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Guide to Conflict Mainstreaming

As the peacebuilding and conflict resolution fields have grown over the past two decades, one of the trends is the importance of mainstreaming conflict resolution/peacebuilding across various sectors of development programming. While conflict resolution work in and of itself can be extremely valuable and have a significant impact on parties and reducing or preventing conflict, in order to generate long-term sustainable positive change, incorporating conflict resolution skills and processes into other sectors such as health, governance, education, gender, youth programming and more is critical.

Much of the development work in the world takes place in regions experiencing conflict. Effective development work is difficult to implement in situations of violence, or extreme instability. However, doing peacebuilding work as a stand-alone activity is not sufficient to create positive development. While creating greater understanding and dialogue between conflicted parties is an important step, there is a strong need to also generate economic, educational and health opportunities to help ensure that a society’s basic needs are met.

In this short guide, I would like to provide some recommendation regarding key resources and steps in creating conflict programing.

FIVE Key Steps in Conflict Mainstreaming

1. First Do No Harm– While Development and Conflict Resolution work has the potential to have a significant positive impact, it is also essential to examine the potential negative impact of activities (see the work of Mary Anderson and the Collaborative Development for Action or International Alert for more on this subject). Anytime resources are introduced into a conflicted area, there is the potential for increased tensions over how these resources are allocated.

2. Ensure Programming is Conducted in a Conflict Sensitive Manner – Similar to the concept of Do No Harm, professionals have a responsibility to ensure that programming is conducted in a conflict sensitive manner. From the initial stages of conceptualizing a project, to hiring staff, acquiring materials, implementation, staff can examine the potential negative and positive impacts of their programming decisions on the conflict context. For example, if a program is taking place in a conflict involving different identity groups, ensuring that the staff hired are diverse in nature can help to mitigate conflict (or perhaps exacerbate depending on the context). For more on conflict sensitivity see International Alert’s work on the topic at

3. Ensure that Peacebuilding is Integrated Across Sectoral Programming – In order for peacebuilding to be effective, it is necessary to conduct stand-alone and integrated programming. Stand-alone programming is generally when peacebuilding or conflict work is conducted as a particular discrete activity, such as a dialogue program to build relationships or understanding. However, in conflict settings groups have many needs to be fulfilled such as economic development, improving infrastructure, public health, governance and more. In each sectoral activity, in program design, strong emphasis should be placed on integrating peacebuilding into programming. For example, a public health project designed to prevent HIV, could also integrate peacebuilding into all aspects of the activity. This could be in training staff in conflict skills, bringing together health practitioners from across the conflict divide, ensuring that communities are engaged in programmatic decisions. For more on integrated peacebuilding, see a new book that I am co-editing with Dr. Robert Rubenstein, Building Peace: Practical Reflections from the Field (Kumarian Press, May 2009).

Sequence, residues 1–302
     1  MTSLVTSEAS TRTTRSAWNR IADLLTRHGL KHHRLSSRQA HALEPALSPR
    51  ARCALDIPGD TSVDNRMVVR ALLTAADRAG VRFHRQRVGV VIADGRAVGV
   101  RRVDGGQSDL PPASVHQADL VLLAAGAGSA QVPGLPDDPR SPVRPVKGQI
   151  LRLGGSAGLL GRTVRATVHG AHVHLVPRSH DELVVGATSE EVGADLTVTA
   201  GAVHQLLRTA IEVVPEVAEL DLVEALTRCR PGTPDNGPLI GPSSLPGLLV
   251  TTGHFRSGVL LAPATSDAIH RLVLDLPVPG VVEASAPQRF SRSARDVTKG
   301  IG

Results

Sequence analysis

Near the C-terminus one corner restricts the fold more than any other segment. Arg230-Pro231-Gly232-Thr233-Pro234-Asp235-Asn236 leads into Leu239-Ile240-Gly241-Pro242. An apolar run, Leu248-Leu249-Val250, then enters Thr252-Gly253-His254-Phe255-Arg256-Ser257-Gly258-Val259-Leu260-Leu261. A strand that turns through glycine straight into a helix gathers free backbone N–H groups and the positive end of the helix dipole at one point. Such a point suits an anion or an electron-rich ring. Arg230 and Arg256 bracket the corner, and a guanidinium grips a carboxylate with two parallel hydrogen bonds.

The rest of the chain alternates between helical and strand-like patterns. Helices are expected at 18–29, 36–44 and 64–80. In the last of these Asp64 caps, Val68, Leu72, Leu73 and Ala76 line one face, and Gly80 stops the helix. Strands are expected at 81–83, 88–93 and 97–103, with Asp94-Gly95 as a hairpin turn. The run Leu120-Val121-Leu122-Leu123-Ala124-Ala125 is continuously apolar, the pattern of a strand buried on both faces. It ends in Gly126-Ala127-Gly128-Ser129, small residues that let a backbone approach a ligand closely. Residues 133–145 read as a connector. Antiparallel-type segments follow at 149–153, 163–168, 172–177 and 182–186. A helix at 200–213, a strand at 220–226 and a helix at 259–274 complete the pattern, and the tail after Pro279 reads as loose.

4. Conduct a Conflict Assessment – Conflict and peacebuilding programming needs to be based on local contexts and needs. A cookie cutter approach to implementing programing often is not effective. Thus, before beginning a new program, conducting a conflict assessment of the overall context is critical. Moreover, conducting a Peace and Conflict Impact Assessment to look at the potential impact of a project on the conflict context and vice-versa is essential. Some key resources on this topic include International Alert’s Conflict Sensitivity and also the Berghof Center’s Handbook series

5. Collaborate – In most peacebuilding and conflict interventions there are many local and international donors and civil society organizations carrying out activities. Often there is significant overlap and competition between intervening organizations. As practitioners we have a responsibility to practice what we preach and ensure that we are aware of other of the work of others at a minimum share information, and ideally work to collaborate on projects to maximize impact. See the work of Dr. Andrea Strimling Yodsampa and Dr. Susan Allen Nan in this area.

More topics are forthcoming. Feel free to add your own recommendations/comments regarding conflict mainstreaming.

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